Councilor Kamati reminded her fellows of their promises.
“We promised our people that we will improve the delivery of municipal services as well as develop adequate infrastructure and subsequently boost economic growth and help create much-needed jobs through.
Furthermore, the city councilors and management committed to building sustainable communities with clean, healthy, safe, and conducive environments for our residents to trade to make ends meet.
In the process, it is supposed to create a safety net of social services while at the same time restoring their dignity.
The councilor acknowledges the fact that the council, like any other organisation, lacks adequate funds to execute the implementation of the activities as contained in the strategic plan.
However, according to her, with the minimum funds at the City’s disposal, with better grassroots planning among others, addressing informal trading must remain an area that deserves much attention.
She has also reminded the City management of the promised Open/Informal Markets Development Master Plan Draft, which until now is not complete.
“Ever since we joined council, we have been hearing about the Open/Informal Markets Development Master Plan being drafted for preparation lo Council by the custodian department,” stated Kamati.
However, to date, such a Master Plan has not yet been presented to the councilors.
Adding that is a sign that the city does not prioritize informal trading.
“This is just another demonstration that we attach less importance to the development of trading markets for our residents. One wonders whether this Master Plan will ever become a reality,” she said.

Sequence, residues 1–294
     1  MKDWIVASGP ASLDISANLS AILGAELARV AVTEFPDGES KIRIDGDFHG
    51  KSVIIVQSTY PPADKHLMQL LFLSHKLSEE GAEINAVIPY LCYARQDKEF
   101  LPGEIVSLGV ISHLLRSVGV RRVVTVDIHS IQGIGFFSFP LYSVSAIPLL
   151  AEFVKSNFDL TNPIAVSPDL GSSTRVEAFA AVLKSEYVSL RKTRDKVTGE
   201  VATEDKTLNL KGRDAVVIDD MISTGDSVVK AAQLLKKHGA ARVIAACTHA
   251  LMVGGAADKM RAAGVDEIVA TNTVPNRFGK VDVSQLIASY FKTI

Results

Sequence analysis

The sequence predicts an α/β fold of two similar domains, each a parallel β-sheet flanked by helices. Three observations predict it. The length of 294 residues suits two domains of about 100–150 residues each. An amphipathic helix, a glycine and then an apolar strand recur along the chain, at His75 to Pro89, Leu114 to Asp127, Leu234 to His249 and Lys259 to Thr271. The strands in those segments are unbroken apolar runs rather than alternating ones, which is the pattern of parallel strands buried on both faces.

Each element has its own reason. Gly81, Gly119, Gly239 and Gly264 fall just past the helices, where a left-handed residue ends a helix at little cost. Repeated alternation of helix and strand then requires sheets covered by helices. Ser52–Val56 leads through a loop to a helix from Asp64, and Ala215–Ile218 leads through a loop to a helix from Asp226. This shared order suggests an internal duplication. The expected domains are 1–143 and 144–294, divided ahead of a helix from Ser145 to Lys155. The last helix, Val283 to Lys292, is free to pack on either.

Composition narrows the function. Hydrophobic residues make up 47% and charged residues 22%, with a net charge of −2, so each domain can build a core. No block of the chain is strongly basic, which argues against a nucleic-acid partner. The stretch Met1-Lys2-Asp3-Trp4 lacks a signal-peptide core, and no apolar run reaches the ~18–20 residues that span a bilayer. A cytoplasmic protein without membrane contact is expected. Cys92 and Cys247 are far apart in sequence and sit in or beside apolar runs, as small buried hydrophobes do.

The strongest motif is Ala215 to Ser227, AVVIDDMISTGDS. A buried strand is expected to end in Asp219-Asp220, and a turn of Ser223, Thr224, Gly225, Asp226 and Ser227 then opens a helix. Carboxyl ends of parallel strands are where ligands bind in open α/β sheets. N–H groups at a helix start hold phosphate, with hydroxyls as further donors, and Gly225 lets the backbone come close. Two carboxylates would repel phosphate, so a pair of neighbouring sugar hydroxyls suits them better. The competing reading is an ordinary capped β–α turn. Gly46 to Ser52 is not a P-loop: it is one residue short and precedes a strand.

THE PROPOSAL: NO MORE ISOLATING INFORMAL TRADERS
According to Councilor Kamati, illegal trading activities are happening because of the lack of appropriate and adequate open markets in the CBD.
She challenged the council, to think about creating state-of-the-art informal/open markets in the CBD.
She, however, did not only criticize and highlighted the City’s failure but provided proposals.
The first one is for the Council to consider reserving the piece of land north of Wernhill Shopping Mall for the development of the state-of-the-art Informal market, Bus Terminal and Taxi Rank.
Secondly for the Council to consider the development of a modem informal market and taxi rank on the land west of Shoprite (Shoprite Parking/Taxi rank)
For the council to consider making the development of trading markets, bus terminals, and taxi rank requirements before approving future applications for shopping malls.
At the same time, deliberate action must be taken to impose hygiene standards on business owners to ensure that the trading areas are kept clean.
On the critical mess of the Tukondjeni Open Market which is characterized by unhygienic conditions, chaos, and disorganisation she proposes the council intervene and find lasting solutions.
Subsequently invoke targeted interventions aimed at improving the setup, because this place has become an eyesore.
Lastly, she requested the city’s chief executive officer to submit to the council without delay the Informal Markets Developmental Master Plan for Council to provide direction.